The Wyrm is super cool.

The nice thing with the second edition rules is that if someone starts getting Welcome to my Magical World-y about something like that the rules support you saying 'no seriously but I'm not into that'.

The Wyrm is one of the better realized of these Second Skins and is pretty much the specific thing that solidified for me 'you should have a post talking about Skin Move synergies'. Though nothing I can come up with will match the true new Ultimate Busted Combo of The Cerberus with Unresolved Trauma, Projected Blame, and Bark, Then Bite where you give yourself Traumatized, give everyone else Blamed For Your Trauma, then have +2 to your rolls against them because gently caress you.

Feinne fucked around with this message at 17:51 on Nov 1, 2019

Feinne
Oct 9, 2007

When you fall, get right back up again.


megane posted:

The Wyrm is the best skin and the Sasquatch is a solid contender for the worst. My character gets +1 to turn people on when she's not wearing shoes. Why? Uh, no reason.

Might be beaten to the title by an upcoming one, though.

Yeah the Second Skins are kind of hit or miss, the good ones are really good and the eh ones are really eh. I will say most of them do a great job of hitting the feel they're going for, though.

Feinne
Oct 9, 2007

When you fall, get right back up again.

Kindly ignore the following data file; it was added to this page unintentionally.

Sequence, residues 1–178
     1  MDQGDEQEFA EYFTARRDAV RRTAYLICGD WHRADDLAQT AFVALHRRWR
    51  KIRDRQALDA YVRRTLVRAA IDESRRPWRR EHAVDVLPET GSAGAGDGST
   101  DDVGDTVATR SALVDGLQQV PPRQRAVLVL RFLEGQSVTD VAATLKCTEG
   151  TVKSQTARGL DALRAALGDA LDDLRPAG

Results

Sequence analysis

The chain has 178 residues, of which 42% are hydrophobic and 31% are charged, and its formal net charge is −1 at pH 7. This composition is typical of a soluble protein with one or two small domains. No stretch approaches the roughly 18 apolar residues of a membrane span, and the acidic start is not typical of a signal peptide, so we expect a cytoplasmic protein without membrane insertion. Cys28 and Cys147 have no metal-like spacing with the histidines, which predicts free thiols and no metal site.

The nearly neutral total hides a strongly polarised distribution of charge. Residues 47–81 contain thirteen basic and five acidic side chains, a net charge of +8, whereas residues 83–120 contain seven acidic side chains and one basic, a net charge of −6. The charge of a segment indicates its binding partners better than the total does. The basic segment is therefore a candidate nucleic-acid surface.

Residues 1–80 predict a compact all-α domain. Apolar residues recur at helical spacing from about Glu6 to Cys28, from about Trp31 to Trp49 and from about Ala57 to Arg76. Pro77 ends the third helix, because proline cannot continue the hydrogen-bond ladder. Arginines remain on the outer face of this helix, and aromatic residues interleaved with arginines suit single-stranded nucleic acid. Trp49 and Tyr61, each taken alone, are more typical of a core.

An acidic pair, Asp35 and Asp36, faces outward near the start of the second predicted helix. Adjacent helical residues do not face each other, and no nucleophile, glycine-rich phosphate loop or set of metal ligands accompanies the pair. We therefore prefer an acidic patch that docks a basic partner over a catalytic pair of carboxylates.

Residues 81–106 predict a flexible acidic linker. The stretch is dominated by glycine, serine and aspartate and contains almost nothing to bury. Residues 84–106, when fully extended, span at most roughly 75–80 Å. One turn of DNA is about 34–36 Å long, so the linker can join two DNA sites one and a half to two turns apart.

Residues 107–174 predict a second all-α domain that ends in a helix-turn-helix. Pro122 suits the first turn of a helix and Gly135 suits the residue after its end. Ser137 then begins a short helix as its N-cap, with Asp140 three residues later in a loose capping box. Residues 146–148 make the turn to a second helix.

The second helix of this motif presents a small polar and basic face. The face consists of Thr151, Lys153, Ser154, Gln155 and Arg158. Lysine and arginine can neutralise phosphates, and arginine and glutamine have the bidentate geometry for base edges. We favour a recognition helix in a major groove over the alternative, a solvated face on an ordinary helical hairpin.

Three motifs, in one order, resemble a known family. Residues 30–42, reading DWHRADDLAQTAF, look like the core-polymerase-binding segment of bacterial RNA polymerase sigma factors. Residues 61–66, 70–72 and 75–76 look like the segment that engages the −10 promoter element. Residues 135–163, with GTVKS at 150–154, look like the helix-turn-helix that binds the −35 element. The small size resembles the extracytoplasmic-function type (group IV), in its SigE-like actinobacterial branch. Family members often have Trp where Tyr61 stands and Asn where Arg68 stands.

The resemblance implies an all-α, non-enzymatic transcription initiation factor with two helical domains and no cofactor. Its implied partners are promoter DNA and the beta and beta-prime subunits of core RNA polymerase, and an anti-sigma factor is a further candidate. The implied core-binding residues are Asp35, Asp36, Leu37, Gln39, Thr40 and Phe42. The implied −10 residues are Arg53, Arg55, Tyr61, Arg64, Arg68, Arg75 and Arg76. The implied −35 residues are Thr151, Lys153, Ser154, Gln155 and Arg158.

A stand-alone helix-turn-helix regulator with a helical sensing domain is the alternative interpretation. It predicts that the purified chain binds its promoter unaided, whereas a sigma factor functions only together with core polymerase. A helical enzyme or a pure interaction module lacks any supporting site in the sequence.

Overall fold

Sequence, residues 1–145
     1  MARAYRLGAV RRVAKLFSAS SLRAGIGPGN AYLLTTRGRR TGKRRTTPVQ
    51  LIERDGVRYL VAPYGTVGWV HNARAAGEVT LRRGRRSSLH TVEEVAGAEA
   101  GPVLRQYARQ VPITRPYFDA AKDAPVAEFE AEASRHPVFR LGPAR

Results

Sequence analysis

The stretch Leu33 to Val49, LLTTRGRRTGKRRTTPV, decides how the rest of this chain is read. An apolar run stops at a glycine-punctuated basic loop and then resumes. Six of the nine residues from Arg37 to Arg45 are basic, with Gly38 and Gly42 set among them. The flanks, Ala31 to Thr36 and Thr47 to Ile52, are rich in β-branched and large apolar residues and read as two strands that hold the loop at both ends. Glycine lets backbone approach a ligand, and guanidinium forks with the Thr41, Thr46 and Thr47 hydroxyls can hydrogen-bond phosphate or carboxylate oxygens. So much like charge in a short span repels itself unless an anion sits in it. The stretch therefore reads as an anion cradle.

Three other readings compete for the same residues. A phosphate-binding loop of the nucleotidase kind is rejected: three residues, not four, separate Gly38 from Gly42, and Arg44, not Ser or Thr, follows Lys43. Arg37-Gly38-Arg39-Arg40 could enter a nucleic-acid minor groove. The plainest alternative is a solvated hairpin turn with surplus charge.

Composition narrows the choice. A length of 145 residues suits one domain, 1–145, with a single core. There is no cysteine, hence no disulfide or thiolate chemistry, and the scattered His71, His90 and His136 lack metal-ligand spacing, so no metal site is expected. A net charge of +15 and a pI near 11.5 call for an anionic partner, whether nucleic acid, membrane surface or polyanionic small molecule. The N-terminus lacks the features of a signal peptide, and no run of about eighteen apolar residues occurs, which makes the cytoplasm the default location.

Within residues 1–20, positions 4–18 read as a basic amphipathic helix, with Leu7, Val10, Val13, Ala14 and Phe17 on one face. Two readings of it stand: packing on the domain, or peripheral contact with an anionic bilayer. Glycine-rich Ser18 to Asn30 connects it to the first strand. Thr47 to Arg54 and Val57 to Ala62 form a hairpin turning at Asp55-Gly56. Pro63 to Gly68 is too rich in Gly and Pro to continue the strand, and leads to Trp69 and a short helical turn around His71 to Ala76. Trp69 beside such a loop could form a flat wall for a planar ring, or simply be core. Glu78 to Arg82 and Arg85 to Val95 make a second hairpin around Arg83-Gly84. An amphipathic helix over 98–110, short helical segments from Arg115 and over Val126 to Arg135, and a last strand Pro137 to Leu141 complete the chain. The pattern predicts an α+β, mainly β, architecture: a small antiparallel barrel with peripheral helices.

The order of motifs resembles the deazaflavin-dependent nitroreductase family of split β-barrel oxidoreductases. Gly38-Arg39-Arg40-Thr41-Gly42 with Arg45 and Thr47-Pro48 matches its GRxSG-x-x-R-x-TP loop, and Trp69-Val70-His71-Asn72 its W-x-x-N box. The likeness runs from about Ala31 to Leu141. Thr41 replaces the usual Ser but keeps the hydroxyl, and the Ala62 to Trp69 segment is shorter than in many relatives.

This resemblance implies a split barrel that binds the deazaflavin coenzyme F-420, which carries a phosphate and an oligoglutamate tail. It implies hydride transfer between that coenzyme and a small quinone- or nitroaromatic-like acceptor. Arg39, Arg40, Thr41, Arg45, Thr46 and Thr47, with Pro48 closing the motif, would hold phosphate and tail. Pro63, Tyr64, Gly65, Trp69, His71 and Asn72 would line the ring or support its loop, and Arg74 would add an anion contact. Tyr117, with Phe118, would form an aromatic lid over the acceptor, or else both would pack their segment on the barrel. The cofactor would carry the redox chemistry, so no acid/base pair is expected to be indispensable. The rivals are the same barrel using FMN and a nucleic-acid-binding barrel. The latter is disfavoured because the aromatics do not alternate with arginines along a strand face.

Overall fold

Monsterhearts 2: The Cuckoo and The Unicorn

More Monsterhearts Skins, this time the Cuckoo and Unicorn.

The Cuckoo:

quote:

Othersí lives are just so fascinating. Thatís why you want to walk a mile in their shoes... and pants... and shirt. Thatís why you want to look out through their eyes, make a few promises with their voice, and maybe kiss someone with those sweet lips.
Look at that smile. You could be anyone.

So, the Cuckoo is a magical shapeshifter who turns into people by wearing their clothes. The Skin is of course named after the bird, who lays its eggs in the nests of other birds so as to have them take care of its children. So letís get to something pretty important for a game with sex in it: You do in fact physically turn into someone youíre passing as. This includes having their various bits, and it lasts as long as you are still wearing some of their clothes. If you completely undress, though, you go back to being you. Your stat options are Volatile 2/Hot 1 (spontaneous and charming) or Hot 2/Cold 1 (gorgeous and snobby). The originalís was Hot/Cold.

You always have the Moves Feathers and Feathers Made of Knives, and get to choose one more.

Feathers: You can magically pass for someone else by wearing their clothes. When youíre seen in their clothes but arenít currently passing, roll Hot. On a 7 or higher, youíre passing as them from now until youíre not. A 7-9 adds a flaw to your current effort to pass: the magic will dissipate if you kiss or get kissed, or the magic will dissipate if you Lash Out at anyone. While youíre passing as someone, if youíd get a Condition they get it instead (though youíd in principle share it while youíre them). As an important note, if you take this Move as another Skin you automatically get Feathers Made of Knives as well. This is identical to the original version and is pretty cool.